• World Darts Championship

Taylor to Power on after 16th world title

ESPN staff
January 2, 2013
Phil Taylor is a 16-time world champion © PA Photos

Phil Taylor has clarified recent comments made over his future, insisting he will play on after his 16th world title success on Tuesday.

Taylor hinted at retirement following his semi-final win over Raymond van Barneveld, which saw the two men become embroiled in a heated exchange after shaking hands.

An "embarrassed" Taylor said he might give up the sport he has largely dominated since his first PDC World Championship win in 1995, but The Power revealed on Wednesday that he regretted making such an emotional threat.

"You say things on the spur of the moment sometimes and regret it later. I'm not going to walk away, no," Taylor told Sky Sports News.

"I practice seven days a week, and out of seven days I probably enjoy one. The rest are a struggle. It's like any job, it's hard work and as you get older it's more difficult.

"But I won't let it get me down, I'll keep going, at least until I'm 55, and then let's see after that."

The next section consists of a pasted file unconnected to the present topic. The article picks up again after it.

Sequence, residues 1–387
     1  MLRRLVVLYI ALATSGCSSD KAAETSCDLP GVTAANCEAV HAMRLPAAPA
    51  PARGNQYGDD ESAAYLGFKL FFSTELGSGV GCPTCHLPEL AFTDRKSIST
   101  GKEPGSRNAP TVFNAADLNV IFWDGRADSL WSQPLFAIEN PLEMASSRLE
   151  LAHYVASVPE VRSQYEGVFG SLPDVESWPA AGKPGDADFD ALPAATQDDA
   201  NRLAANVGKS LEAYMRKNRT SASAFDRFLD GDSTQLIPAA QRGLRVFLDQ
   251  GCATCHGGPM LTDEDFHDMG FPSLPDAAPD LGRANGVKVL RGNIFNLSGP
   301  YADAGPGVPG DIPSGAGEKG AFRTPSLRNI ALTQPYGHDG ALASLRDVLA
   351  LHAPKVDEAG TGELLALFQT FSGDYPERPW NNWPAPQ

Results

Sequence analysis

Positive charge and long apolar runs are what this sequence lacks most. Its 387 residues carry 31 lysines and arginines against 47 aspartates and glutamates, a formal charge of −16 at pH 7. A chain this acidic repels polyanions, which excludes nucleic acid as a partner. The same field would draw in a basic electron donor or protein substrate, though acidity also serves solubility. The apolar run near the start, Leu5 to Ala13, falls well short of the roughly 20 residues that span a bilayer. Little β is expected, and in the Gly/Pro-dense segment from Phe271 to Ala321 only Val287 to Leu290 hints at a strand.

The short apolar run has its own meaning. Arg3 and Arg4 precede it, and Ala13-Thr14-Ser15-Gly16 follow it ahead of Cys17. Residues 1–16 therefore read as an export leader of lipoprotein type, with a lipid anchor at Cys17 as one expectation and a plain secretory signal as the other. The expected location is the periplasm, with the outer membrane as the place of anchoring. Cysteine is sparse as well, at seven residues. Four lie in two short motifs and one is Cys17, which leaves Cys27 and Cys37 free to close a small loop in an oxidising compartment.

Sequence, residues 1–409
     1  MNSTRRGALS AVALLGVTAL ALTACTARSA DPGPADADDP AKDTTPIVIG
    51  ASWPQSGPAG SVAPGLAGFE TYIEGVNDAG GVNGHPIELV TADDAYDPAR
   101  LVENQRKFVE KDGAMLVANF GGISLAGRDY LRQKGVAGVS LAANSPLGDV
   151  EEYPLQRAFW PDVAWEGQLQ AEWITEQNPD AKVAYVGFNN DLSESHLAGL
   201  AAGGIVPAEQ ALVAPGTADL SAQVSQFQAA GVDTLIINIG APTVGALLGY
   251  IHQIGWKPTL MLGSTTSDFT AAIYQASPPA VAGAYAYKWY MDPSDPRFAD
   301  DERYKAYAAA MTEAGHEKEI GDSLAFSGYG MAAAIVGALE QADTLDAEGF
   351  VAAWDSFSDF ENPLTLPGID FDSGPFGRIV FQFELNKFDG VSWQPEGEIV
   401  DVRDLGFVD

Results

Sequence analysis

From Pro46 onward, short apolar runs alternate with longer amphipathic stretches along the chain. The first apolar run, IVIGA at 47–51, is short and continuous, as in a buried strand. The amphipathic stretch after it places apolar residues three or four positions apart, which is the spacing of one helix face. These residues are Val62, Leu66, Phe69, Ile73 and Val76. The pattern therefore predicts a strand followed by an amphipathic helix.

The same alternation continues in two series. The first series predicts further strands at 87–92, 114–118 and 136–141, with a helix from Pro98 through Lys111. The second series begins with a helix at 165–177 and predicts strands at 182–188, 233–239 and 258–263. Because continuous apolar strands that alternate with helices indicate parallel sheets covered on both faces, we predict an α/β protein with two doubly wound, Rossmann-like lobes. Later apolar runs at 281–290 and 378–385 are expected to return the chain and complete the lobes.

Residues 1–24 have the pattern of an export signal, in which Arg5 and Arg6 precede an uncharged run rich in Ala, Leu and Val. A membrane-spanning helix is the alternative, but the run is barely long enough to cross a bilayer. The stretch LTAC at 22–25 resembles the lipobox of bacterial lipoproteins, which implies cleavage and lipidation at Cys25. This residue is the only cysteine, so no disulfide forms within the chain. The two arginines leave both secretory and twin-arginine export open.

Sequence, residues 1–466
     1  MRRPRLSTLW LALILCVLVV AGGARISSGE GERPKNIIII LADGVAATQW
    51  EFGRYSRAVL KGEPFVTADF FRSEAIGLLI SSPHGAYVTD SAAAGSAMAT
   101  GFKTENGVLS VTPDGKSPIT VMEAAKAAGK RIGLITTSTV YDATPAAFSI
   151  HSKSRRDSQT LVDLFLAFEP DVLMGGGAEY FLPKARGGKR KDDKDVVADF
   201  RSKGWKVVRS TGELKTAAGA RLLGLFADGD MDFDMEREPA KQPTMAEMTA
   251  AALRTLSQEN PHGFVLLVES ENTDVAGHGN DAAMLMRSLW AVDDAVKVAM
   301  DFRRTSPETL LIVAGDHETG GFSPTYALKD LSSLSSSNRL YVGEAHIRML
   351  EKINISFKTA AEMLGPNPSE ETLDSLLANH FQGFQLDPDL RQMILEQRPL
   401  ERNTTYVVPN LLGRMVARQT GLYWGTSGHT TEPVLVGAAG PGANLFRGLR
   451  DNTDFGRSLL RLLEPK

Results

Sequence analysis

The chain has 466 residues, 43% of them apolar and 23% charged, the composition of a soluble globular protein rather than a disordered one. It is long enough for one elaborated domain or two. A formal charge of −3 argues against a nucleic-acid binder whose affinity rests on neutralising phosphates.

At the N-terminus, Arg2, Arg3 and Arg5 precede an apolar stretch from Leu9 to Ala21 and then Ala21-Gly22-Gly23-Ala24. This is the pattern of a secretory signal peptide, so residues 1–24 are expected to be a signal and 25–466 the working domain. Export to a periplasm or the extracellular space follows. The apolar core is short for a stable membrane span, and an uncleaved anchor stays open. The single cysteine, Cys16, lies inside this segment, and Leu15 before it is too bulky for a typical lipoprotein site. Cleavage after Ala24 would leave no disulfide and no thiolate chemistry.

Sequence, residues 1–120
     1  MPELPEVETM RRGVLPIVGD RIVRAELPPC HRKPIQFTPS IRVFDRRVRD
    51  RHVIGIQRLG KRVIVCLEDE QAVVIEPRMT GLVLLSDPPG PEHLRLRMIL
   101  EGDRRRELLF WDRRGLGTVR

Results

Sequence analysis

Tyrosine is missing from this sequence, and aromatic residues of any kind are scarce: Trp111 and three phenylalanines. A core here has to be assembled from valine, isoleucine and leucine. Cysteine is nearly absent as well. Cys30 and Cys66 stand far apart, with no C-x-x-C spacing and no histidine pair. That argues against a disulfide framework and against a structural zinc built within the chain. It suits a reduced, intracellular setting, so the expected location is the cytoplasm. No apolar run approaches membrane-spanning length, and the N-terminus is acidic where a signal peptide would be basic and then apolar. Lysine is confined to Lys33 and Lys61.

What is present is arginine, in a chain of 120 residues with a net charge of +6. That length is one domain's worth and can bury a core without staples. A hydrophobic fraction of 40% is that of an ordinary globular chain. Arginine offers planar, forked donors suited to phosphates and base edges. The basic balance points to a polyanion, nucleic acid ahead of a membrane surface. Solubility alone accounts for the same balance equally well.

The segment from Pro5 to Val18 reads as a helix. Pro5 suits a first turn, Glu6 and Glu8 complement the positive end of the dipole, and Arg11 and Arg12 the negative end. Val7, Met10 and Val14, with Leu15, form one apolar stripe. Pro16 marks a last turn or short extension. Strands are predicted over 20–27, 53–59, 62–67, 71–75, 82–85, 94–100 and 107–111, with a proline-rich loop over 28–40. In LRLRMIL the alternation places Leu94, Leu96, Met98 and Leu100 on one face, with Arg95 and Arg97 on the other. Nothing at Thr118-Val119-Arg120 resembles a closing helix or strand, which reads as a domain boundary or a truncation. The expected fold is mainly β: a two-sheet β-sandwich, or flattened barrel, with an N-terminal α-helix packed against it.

Eric Bristow, a friend of Taylor's and five-time BDO world champion, has predicted the 53-year-old will never reach the landmark of 20 world crowns, claiming The Power may only win one more.

"How many are left in me? One! I won't argue with Eric," Taylor agreed.

One reason for that modest prediction might be Tuesday's beaten finalist Michael van Gerwen, who played his part in a high quality showdown that ended 7-4. Taylor predicts the youngster can become a monster of the sport.

"He's extraordinary. He's like Jonah Lomu was to rugby. If he can keep on the right track, keep practising, he is one hell of a player.

"It's easy to get to finals but it's more difficult stepping over the mark. I would say he can win four or five, but he has to put the money in the bank and ignore it."

Van Gerwen had been nursing a sore ankle throughout the week leading up to the final, and Taylor revealed it helped him stay positive despite Van Gerwen's 4-2 lead in the contest.

"I kept thinking, 'This is his first world final so he must be nervous', and I noticed his back leg kept lifting - he was throwing off one leg. So I just kept putting pressure on him.

"I'm the proudest man in England at the moment, it's the best feeling in the world and I'm over the moon."

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